A key component of traditional Chinese medicine, acupuncture can also be an effective treatment for chronic pain.
Inserting needles into areas of pain to ease pain may sound like a contradiction. Yet, acupuncture can — and does — help.
To many, acupuncture is largely hocus-pocus. Unlike Western medicine, it is not always supported by hard scientific evidence. But this ancient Chinese practice has its fans.
“We do see patients with severe pain where even with medication, they are unable to control their pain well,” said Ms Jeraldine Seah, Senior Acupuncturist, Division of Anaesthesiology and Perioperative Medicine, Singapore General Hospital (SGH).
“Acupuncture helps improve quality of life because chronic pain can affect their mood and also their sleep.”
A key component of traditional Chinese medicine (TCM), acupuncture addresses the body’s so-called imbalances. TCM believes that the body’s vital energy, or qi, courses through channels in the body known as meridians, which are connected to the organs and their functions. When the qi is blocked, it upsets the body’s functions, and needs to be re-balanced.
Ms Seah said that during acupuncture treatment, needles are inserted into specific areas of the body known as acupoints. Singleuse, pre-sterilised needles are used. “The needles are manipulated manually or by using electrical stimulation to re-establish the free flow of qi to restore balance, regulate yin and yang, and trigger the body’s natural healing response,” she added.
“When there is an imbalance in yin and yang, it will result in illness. Acupuncture helps bring the body back into equilibrium, balancing the yin and yang in the body,” said Ms Seah, who is also a licensed TCM physician.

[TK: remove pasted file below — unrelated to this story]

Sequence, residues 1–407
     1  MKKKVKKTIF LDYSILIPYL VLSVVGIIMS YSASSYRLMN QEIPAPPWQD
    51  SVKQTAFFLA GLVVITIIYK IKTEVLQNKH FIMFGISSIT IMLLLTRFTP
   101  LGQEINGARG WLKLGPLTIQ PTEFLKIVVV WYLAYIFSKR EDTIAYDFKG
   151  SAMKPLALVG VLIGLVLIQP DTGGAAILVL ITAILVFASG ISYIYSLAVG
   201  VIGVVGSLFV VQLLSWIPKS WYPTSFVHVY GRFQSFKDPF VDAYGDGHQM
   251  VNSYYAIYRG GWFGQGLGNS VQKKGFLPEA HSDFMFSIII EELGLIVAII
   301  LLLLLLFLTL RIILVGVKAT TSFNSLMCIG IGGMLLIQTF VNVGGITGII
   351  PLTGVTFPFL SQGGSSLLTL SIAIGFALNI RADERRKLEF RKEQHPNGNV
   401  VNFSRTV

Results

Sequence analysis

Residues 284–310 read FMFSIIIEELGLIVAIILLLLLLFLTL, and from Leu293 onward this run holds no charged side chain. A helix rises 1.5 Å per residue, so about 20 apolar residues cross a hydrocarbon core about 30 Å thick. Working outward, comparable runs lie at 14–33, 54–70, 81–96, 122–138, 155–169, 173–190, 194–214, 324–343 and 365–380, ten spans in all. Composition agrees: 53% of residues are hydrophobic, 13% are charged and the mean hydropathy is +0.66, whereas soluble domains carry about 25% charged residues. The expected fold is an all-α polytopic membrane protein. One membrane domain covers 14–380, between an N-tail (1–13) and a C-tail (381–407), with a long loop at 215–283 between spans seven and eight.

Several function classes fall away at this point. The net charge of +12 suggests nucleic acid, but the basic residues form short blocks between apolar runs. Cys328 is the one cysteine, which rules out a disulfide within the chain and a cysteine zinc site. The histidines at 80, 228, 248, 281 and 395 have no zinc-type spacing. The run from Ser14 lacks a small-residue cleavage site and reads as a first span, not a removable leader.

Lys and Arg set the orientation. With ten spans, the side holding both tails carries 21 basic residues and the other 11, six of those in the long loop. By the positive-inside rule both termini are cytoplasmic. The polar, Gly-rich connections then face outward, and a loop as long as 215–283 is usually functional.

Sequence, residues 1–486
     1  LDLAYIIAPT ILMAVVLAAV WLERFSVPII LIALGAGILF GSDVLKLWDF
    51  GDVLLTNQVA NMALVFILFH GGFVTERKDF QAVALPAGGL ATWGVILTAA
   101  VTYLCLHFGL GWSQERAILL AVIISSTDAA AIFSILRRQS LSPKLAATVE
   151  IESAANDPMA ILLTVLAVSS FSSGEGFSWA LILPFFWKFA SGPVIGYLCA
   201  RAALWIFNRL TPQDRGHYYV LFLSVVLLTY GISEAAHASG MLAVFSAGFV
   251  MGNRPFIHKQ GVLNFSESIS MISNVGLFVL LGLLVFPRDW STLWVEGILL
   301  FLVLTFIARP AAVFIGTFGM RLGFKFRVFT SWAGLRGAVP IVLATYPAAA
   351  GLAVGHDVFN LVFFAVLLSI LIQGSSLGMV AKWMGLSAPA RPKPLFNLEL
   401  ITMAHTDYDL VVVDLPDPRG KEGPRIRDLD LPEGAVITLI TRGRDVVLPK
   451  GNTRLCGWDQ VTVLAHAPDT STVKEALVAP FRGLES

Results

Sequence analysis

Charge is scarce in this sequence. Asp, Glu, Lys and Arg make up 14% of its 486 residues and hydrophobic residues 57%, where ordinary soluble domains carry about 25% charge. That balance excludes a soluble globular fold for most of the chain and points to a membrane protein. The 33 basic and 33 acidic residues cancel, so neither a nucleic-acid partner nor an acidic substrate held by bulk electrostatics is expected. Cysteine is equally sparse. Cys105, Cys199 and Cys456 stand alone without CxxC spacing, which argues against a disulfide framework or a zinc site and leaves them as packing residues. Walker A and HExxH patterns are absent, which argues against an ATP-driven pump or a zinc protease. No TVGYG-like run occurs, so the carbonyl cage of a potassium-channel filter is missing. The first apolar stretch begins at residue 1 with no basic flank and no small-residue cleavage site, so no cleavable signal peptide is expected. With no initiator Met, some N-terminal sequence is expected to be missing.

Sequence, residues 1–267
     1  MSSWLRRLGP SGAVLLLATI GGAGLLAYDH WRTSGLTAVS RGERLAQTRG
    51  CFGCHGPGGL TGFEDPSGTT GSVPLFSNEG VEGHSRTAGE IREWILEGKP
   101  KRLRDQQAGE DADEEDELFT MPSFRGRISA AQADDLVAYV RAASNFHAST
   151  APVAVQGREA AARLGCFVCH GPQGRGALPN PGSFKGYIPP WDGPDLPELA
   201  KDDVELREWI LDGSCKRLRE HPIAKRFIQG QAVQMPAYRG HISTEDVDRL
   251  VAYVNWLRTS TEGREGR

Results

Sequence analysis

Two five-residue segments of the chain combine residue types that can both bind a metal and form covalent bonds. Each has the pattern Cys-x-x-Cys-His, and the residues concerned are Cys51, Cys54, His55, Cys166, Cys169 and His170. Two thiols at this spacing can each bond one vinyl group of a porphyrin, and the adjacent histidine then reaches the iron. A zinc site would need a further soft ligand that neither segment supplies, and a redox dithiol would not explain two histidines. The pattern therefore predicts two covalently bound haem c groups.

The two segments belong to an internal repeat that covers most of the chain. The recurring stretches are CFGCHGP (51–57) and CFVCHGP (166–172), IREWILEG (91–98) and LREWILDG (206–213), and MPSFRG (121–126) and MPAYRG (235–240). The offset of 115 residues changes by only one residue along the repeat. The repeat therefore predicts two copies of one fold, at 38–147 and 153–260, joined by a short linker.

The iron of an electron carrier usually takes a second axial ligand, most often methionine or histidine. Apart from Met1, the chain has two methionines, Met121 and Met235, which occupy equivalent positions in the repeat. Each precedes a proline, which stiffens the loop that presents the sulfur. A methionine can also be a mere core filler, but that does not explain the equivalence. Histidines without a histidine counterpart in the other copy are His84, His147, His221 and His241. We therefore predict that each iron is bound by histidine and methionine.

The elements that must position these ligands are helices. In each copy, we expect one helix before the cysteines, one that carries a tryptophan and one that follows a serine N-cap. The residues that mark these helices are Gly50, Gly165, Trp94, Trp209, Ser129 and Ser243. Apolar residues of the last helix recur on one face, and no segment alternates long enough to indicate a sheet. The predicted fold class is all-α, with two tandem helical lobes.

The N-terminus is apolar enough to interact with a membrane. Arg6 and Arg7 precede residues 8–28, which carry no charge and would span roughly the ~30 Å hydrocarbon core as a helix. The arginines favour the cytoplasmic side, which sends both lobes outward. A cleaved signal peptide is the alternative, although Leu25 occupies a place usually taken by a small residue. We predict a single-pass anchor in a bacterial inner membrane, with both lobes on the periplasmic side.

Acupuncture, a referral service, has been offered as an alternative treatment at SGH’s Pain Management Centre since 1998. Demand has been rising steadily by around 10 per cent every year. The Centre’s two acupuncturists see about 7,000 cases each year, 60 to 70 per cent of which are for relieving pain of the lower back, neck and shoulder. About two-thirds of patients are elderly Chinese, although the Centre has started seeing younger people seek acupuncture treatment.
The growing interest comes amid the Government’s efforts to develop the TCM industry. “Younger people are more open and informed about this treatment. They also seek more natural and holistic treatments,” said Ms Seah.
Besides easing pain, acupuncture can also be used to help other conditions, such as stroke, insomnia, anxiety, gastrointestinal problems, as well as the side effects of cancer treatment like fatigue, nausea and insomnia.
Patients typically undergo five acupuncture sessions to find out how well they respond to the treatment. “If after five to 10 times, they do not experience any relief or change in their symptoms, we will ask them to return to their medical specialists to seek other treatment modalities,” said Ms Seah.
A treatment plan usually involves one or two sessions a week of about 25 minutes each time. The number of treatments depends on the condition being treated. For chronic or complex conditions, a longer treatment period of up to three months may be required.
In some cases, a doctor may prescribe medication and acupuncture treatment concurrently for a patient. If acupuncture is found to be of help to the patient, his medication may be reduced.
Acupuncture treatments are generally safe, with very few side effects. Occasionally some patients experience mild bleeding when the needles are removed, said Ms Seah. There is some discomfort when the needles are inserted, but patients do not usually feel pain as the needles used are very fine.
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